Testament, part one

I could not forgive him. A betrayal was a betrayal, and when that betrayal leaves you alone, disoriented, disowned and bleeding on a planet which actively seeks to hasten your demise it becomes all you can think about. From the moment I opened my eyes and caught my first glimpse of the skies, dark with smoke and ash, all I knew was anger and lust for revenge.

I had tried to save his life. I had tried to save his life by shooting him. A shoulder wound would have knocked him down, taken him out of the fight. Saved him. He had ducked, and returned the favour by blasting my left leg open. He could not have known the extent to which his actions were putting my plans — and the Imperium itself — in peril. I had had to be the one to do it; had to be the one to step forward into the blackness. My colleagues were not experienced enough, were not ready to do what must be done.

And so I had stepped in. I had tried to save them, tried to save us all. The galaxy is a dangerous place, and every possible measure must be taken to defend it against the alien, the mutant and the heretic. This is my creed, this is my duty and this is my curse. I must step where angels fear to tread, seize the weapons of the darkness and use them to bring light into the pitch black that waits for the slightest chance, the slightest slip in one’s will, the most minor transgression… if it finds a way, that darkness will seep in and it will seize the heart of humanity with its tenebrous grasp.

I digress. I am laying on my back. The sky looks as though it is on fire. The acrid smell of destruction fills my nostrils. I wonder whether I have died. Perhaps, looking back now, it would have been best if I had died there, just another heretic, utterly damned, cast away into the river of time. I was not so conceited as to think I mattered, and the truth was that I did not matter. I was not special in any way, had achieved nothing worthy of note, wrought no great works. Not then, anyway. Once again I deviate from my narrative. You will forgive me, but I find my personal story less interesting than the greater issues upon which it touches.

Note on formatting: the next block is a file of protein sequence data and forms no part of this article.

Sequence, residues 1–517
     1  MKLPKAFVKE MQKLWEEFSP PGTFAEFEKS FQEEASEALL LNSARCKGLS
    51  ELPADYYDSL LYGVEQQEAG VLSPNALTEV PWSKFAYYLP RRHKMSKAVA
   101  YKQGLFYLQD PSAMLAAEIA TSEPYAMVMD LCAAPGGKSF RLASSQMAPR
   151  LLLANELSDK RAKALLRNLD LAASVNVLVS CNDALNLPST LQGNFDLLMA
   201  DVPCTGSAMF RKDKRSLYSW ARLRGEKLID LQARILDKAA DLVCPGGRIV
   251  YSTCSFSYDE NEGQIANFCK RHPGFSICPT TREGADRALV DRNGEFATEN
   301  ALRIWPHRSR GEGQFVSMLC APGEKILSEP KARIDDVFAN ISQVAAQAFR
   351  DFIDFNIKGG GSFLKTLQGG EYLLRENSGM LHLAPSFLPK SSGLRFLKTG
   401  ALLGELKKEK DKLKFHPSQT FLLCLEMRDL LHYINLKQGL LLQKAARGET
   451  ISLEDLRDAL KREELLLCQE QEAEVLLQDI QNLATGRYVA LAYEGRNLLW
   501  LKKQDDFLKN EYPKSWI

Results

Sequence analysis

The sky was dark. I was leaking blood from the hole in my left leg, and I was burned quite severely along my right side. The augmentation I had received from my supposed benefactor, the one with the flair for the dramatic who deemed himself worthy of the respect a name such as ‘the Shadow’ should command, was unpowered and I was later to find it was entirely unsalvagable in its current form. Worse still, I knew from the scale of destruction unleashed upon the planet that it would not be long before the might of the Imperial military descended upon this world, and I knew that they would not look kindly upon my part in the affair.

I shall not bore you with the details of my remarkable escape from Corfun 3, nor of my run-ins with Astartes of the Deathwatch. These things are quite inconsequential, and my mind fixes most easily to important matters rather than trivial ones. And then, as now, my mind had only one desire: vengeance. Vengeance which then was little more than a pipe dream, but which as I record this testament, is at last within my grasp.


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April 2010
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